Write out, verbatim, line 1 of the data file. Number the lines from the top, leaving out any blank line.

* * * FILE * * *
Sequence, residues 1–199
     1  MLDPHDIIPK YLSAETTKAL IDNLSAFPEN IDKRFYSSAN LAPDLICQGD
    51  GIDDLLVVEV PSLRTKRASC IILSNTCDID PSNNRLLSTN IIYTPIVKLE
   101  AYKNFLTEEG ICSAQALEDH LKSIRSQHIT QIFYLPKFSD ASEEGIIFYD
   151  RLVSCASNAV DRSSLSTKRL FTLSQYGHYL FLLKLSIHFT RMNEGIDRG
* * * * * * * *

Sequence, residues 1–199